Something that does tend to happen at different times in the new pregnancy is a possible decrease in milk supply or a different taste in the milk itself. Some babies don’t skip a beat and keep right on schedule. Others however, esp if over a year old, can start to self wean. It is not necessary to wean your baby if you wish to continue breastfeeding. In fact, there are some astonishing numbers for moms who not only choose to continue feeding their babe in early pregnancy but, continue all the way to tandem feeding with the new baby! Experts of all kinds say it is a great way to introduce the new addition and keep your older sweetie feeling loved and cared for as well. It is a great way to continue to bond as well as bonding with the newborn.

Although weaning for the health of the pregnancy may be advisable for some women’s individual situations, during most pregnancies however, continuing to nurse or deciding how long to nurse is a parenting decision, not a medical question.

A great resource for a one stop shop would be www.kellymom.com which I recommend for all breastfeeding and lactation issues. They are a great place to start as well as talking to your local LC, Pedi office and even OB or midwife. The LeLeche League is a great community support as well.

Leave your questions here if you have other questions or topics you want to hear about!

Latch-on 1, 2, 3…

Despite the rumors and myths, it is actually the minority that mom and baby form a perfect breastfeeding partnership right away. The baby has their natural instincts and mom has some as well but it does still take practice. For whatever reason or another, we try to make things more complicated than they need to be at times. When you take away all of the variables of medical issues, mom and baby have what it takes to breastfeed with all of nature’s instincts guiding them. Although it may be awkward at first with knowing where to put your hands, how to hold your newborn and how to use your breasts for breastfeeding…it is still natural. Sometimes we forget this by trying too many of what I like to call “textbook techniques”. What I mean by that is every nurse on the floor or cousin in the hospital room or lactation consultant coming in and trying to shove your baby on the breast and get a “quick fix” magical latch. Sometimes baby and mom know better than that when it gets too overwhelming.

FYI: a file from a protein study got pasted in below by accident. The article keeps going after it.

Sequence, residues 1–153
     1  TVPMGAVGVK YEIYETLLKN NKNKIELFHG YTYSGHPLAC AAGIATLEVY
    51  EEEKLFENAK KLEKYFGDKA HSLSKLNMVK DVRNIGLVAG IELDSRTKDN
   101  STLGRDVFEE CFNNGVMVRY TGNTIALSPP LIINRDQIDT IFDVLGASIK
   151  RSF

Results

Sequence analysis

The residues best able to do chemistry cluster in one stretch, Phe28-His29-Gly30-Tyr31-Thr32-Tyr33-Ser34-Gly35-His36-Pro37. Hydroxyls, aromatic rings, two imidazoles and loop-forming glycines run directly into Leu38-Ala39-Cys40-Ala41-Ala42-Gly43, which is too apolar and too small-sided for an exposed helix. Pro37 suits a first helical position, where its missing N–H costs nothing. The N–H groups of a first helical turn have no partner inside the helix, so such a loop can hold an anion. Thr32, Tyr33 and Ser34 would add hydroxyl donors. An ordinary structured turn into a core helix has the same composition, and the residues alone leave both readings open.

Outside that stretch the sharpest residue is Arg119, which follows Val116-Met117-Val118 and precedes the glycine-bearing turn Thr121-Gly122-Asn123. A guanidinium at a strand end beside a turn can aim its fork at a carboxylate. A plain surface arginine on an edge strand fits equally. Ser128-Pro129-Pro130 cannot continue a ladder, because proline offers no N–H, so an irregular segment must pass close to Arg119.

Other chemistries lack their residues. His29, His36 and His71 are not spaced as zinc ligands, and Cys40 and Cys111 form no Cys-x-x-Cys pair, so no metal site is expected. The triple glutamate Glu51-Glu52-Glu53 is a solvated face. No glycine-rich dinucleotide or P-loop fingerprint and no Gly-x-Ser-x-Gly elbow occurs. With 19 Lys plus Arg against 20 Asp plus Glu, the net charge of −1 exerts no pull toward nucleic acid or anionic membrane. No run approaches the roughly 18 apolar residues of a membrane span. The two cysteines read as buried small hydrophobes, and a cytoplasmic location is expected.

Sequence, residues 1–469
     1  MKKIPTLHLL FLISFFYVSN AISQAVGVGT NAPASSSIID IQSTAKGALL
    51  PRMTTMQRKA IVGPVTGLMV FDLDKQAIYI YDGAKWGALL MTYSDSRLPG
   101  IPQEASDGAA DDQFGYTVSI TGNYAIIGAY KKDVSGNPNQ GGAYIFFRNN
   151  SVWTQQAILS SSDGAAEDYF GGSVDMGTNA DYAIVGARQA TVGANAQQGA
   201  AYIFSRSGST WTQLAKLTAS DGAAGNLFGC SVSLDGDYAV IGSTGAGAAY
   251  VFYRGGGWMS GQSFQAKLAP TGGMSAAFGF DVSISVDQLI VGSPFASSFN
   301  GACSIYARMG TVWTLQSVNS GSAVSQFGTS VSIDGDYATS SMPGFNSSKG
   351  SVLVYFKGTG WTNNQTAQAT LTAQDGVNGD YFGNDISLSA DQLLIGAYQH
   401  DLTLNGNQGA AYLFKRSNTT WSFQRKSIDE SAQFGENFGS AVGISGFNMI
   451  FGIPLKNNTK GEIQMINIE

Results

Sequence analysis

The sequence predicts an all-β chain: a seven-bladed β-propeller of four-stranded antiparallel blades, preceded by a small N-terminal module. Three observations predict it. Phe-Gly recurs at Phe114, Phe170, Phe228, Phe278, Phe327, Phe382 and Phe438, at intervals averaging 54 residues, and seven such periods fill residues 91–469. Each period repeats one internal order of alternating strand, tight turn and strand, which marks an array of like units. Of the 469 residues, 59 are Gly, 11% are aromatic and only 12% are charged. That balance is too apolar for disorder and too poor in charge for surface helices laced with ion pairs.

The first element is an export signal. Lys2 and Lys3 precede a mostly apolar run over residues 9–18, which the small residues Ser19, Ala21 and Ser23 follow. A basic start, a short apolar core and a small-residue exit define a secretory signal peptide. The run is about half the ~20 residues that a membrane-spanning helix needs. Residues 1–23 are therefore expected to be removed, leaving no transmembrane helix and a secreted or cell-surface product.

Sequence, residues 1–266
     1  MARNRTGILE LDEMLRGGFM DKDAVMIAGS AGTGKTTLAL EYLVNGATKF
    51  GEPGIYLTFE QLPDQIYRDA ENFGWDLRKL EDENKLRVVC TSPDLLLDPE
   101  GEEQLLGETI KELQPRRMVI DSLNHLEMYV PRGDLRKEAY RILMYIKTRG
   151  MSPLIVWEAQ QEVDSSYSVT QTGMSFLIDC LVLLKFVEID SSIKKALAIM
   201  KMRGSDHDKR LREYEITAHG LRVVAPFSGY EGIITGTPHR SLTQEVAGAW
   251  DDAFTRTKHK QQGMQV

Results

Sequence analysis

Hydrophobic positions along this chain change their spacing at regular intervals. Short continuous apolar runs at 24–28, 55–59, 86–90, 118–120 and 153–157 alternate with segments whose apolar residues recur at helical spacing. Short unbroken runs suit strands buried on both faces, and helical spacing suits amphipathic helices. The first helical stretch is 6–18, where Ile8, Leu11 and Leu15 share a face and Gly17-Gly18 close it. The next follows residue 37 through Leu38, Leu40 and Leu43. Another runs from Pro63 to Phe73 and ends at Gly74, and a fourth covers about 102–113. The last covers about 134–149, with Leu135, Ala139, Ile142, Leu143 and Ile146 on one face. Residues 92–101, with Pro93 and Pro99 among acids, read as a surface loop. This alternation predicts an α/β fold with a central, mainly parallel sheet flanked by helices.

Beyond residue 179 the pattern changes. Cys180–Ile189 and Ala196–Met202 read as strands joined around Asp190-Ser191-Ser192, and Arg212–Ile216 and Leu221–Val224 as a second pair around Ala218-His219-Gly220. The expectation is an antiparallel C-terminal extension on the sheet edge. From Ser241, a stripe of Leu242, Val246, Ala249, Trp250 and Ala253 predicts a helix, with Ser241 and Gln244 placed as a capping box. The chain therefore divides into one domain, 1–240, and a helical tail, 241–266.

Please allow me to introduce the idea of “self attachment”

A great LC I worked with on the Mother/Baby Unit had a video on it from Sweden done in the 1980’s. Here is the overview:

The baby was born and placed immediately on mom’s tummy, skin to skin. That is where the baby stayed while the umbilical cord was clamped and cut, placenta was birthed, and baby was dried and cared for. During the first hour after birth the baby is in their most alert state. From being belly to belly with mom, baby used their “stepping reflex” along with rooting and incredible sense of smell and instinct, made its way up moms belly, bobbed their head around mom’s chest and found her breast. At that point, baby began making mouthing movements as well as gaping and rooting and latched themselves on the breast! That’s right! No nurse. No doctor. No LC there to position the baby with 20 pillows or pull down on their chin…just mom guiding baby and keeping their head and neck safe and supported. This process took approx 35 minutes and was the start to a very successful and more importantly stress free way of self attachment breastfeeding. What an awesome start for the duo!

I found a wonderful video demonstrating some key concepts with latching and allowing your baby to self attach as well. Here is the link:



PS: Feel free to watch more videos on self attachment breastfeeding but I must warn you…keep your tissues handy because it is AMAZING!!! Go NATURE 🙂

Safe Sleep Reminders

Now that winter is fast approaching, we still need to be SIDS Prevention savvy while keeping our peanuts warm and cozy at night. SIDS Prevention Guidelines state this:

A firm mattress, tight fitted sheet and a swaddled baby are all that need to be in a crib. PERIOD.

If your baby is older and is rolling around, placing a blanket in the crib with them can be especially dangerous. Babies have died from getting wrapped up in blanket and not being able to cry loud enough to get their parents attention to come and unwrap them from their beehive they created unknowingly. Or, even scarier, are not able to breathe as they have the blanket wound up so tight they can’t get their face out for fresh air. We need to keep our kids safe but also warm at the same time. Over bundling and overheating your baby are listed as SIDS Risks. They have options such as “Sleep Sacks” that are a great alternative to a loose blanket in the crib. This way you achieve the overall goal of creating a comfy sleep but safe environment for your infant.

Here is one example: http://www.amazon.com/SleepSack-Cotton-Applique-Wearable-Blanket/dp/B004G8QN58/ref=sr_1_1?s=baby-products&ie=UTF8&qid=1352921390&sr=1-1&keywords=sleep+sack